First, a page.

MIDDLE EAST: Activists, Arab leaders on edge as Tunisia hangs in the balance


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Emboldened Arab citizens are taking on their own leaderships as the region watches with anticipation to see whether Tunisia’s recent uprising will successfully replace the oppressive regime of Zine Abidine Ben Ali that ruled for 23 years.

Most regional leaders have stayed silent on Ben Ali’s flight into exile amid national riots, a reticence that many observers have interpreted as fear. But even staunch supporters of the Tunisian protest movement are cautious to call ‘revolution’ too early.


‘Right now the Arab regimes are annoyed, but they aren’t afraid,’ said Munsif Ben Ali, a Tunisian expatriate in Beirut and the head of the local solidarity movement in Lebanon (he shares a last name but no relation to the ousted president).

Ben Ali spoke to Babylon & Beyond on the sidelines of a demonstration on Sunday as several hundred activists gathered in front of the United Nations headquarters in downtown Beirut to express support for the Tunisian protesters.

‘Many of the symbols of Ben Ali’s regime are still in place,’ he said. ‘When real change is completed, then [the Arab leaders] will be terrified.’

While the official reactions have been muted, reactions to any perceived support for Ben Ali and his government have been swift and angry, and not just from secular reformists like the ones who made up most of the rally in Beirut.

When Saudi Arabia announced on Saturday it had granted Ben Ali and his family asylum in a heavily guarded palace in the seaside city of Jedda, there was an immediate backlash from religious Saudis who objected to granting protection to a man who oversaw the torture and imprisonment of thousands of Islamists in Tunisia. Queen Rania of Jordan became the butt of many ominious jokes over the weekend when she tweeted that she was ‘watching developments in Tunisia and praying for stability and calm for its people.’ She was met with a barrage of Twitter taunts, including ‘lol Jordan is next!’ and ‘start palace hunting in Jedda.’

Libyan leader Muammar Ghaddafi, who is seen as a source of sad comedy even in the best of times, invited the wrath of the masses when he was quoted telling the official Libyan press that Tunisians had acted rashly by driving Ben Ali out of power.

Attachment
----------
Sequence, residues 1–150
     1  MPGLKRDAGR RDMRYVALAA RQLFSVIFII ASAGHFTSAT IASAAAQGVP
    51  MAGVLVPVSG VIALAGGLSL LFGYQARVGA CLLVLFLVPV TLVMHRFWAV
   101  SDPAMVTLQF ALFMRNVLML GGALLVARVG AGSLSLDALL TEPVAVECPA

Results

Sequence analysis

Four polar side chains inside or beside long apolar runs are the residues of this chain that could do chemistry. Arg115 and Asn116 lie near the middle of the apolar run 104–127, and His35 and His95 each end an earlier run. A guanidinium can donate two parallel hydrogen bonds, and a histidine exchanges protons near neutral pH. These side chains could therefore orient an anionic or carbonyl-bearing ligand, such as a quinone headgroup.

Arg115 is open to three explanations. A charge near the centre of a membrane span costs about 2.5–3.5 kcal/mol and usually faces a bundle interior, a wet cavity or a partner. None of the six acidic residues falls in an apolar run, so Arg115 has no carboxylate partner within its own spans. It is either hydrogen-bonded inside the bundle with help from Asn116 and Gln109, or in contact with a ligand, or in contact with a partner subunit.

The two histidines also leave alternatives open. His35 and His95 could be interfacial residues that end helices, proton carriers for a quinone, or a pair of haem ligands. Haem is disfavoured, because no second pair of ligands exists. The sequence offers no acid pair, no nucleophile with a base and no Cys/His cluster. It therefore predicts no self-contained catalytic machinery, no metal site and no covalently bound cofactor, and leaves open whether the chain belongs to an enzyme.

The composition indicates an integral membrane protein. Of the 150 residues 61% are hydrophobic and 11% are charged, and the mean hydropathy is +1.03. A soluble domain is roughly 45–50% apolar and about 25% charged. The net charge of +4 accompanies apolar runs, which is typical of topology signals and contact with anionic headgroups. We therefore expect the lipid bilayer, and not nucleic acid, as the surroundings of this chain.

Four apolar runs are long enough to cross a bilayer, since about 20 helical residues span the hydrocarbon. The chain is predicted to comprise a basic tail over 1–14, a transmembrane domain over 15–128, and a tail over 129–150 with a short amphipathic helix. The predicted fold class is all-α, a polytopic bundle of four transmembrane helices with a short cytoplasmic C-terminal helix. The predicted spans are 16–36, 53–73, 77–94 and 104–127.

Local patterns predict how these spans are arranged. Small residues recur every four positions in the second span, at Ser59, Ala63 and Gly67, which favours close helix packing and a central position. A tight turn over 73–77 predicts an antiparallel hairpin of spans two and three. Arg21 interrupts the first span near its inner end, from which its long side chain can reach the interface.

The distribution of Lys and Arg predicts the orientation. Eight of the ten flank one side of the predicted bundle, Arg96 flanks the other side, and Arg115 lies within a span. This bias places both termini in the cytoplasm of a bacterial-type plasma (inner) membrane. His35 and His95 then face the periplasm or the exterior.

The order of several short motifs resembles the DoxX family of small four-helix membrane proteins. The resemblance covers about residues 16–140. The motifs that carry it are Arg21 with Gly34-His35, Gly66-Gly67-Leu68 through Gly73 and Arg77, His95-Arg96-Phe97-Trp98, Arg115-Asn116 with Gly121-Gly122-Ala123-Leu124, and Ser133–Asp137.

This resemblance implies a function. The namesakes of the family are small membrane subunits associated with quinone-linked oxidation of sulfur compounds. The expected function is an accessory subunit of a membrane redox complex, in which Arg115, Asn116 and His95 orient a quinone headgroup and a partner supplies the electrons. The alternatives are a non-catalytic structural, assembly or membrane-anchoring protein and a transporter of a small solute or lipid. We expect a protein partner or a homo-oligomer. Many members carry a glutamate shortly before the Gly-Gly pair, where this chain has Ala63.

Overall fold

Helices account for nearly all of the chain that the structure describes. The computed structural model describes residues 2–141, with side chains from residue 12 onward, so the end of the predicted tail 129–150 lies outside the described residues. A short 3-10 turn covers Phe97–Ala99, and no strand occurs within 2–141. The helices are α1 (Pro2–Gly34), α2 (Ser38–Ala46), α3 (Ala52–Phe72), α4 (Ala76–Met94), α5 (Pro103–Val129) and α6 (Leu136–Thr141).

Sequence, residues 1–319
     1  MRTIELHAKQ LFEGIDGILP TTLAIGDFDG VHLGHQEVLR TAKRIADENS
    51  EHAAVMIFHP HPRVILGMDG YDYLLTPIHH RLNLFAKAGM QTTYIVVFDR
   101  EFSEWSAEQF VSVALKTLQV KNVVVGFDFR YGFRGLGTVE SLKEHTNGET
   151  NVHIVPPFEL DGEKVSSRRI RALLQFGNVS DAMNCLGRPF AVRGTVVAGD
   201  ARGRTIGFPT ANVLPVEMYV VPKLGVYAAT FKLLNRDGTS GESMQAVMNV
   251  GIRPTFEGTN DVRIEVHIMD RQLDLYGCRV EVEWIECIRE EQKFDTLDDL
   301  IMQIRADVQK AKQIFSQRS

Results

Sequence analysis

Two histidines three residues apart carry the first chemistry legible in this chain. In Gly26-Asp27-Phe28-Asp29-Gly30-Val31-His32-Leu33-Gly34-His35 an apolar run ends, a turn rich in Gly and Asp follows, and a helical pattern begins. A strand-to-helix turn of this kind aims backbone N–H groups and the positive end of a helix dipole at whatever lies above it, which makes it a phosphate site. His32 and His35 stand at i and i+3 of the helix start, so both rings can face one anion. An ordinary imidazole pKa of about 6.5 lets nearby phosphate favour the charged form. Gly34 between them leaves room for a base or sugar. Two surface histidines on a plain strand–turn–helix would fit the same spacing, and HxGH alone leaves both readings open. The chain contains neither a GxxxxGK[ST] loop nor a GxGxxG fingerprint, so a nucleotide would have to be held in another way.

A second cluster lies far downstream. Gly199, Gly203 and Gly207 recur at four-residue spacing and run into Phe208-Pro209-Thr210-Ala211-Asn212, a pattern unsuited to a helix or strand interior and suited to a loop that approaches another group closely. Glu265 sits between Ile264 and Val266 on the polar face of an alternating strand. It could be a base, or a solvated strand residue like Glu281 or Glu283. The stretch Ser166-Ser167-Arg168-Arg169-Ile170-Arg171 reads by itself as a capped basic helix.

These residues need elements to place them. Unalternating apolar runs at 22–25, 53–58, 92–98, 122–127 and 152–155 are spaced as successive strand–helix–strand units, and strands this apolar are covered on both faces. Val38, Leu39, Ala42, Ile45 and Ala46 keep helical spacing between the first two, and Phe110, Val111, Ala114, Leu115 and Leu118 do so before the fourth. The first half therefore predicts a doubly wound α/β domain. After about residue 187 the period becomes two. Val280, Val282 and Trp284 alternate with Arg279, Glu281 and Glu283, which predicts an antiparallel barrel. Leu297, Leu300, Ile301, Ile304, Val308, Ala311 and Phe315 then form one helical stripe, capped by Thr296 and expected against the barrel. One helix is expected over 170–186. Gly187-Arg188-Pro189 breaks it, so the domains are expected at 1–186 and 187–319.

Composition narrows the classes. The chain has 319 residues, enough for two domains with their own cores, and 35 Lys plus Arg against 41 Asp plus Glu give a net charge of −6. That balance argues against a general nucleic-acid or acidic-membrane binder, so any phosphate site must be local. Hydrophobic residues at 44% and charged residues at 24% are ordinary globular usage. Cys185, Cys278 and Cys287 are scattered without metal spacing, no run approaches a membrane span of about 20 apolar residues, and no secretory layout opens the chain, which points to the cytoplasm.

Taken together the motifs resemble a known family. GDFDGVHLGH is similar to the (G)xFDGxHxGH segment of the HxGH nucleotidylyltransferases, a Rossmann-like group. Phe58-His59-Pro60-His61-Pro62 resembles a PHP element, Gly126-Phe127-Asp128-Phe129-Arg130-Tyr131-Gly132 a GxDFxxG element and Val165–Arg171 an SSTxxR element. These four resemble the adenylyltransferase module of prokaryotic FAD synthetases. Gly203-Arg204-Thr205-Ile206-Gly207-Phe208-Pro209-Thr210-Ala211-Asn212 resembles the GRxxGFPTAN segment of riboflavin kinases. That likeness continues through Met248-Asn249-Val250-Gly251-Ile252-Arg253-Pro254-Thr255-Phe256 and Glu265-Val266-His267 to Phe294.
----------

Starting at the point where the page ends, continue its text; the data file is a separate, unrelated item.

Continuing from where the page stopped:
The only powerful political body in the region to offer support to the Tunisian activists was the militant Lebanese Shiite group Hezbollah, which issued a statement on Saturday (Arabic link) announcing its ‘pride’ in the Tunisian people and calling on Arab leaders to learn a lesson from the Tunisian example.

But some commentators accused the group of hypocrisy, noting its conspicuous silence when similar popular protests erupted in Iran following the disputed 2009 presidential elections. Iran is Hezbollah’s main patron.

The Iranians, for their part, seemed unmoved by the events in Tunisia. In a speech before Parliament on Sunday, Parliamentary Speaker Ali Larijani warned Tunisia to be vigilant against the United States, which he accused of seeking to use the recent upheaval to reassert its power in Tunisia.

“The behavior of USA and some other countries is ridiculous,’ he said. ‘They were the supporters of despotism in Tunisia until yesterday and now turn out to be the sympathizers toward the nation of Tunisia.’

Similar sentiments were echoed by others across the region who were not impressed with the United States and France for belatedly jumping on the Free Tunisia bandwagon.

‘France and the United States only supported--and by support I mean they paid lip service to the Tunisian uprising when they realized that Ben Ali’s presidency was over,’ said 34-year-old Zeina, who attended the rally in Beirut. ‘For 24 days [of protests] no one gave any comment.’


--Meris Lutz in Beirut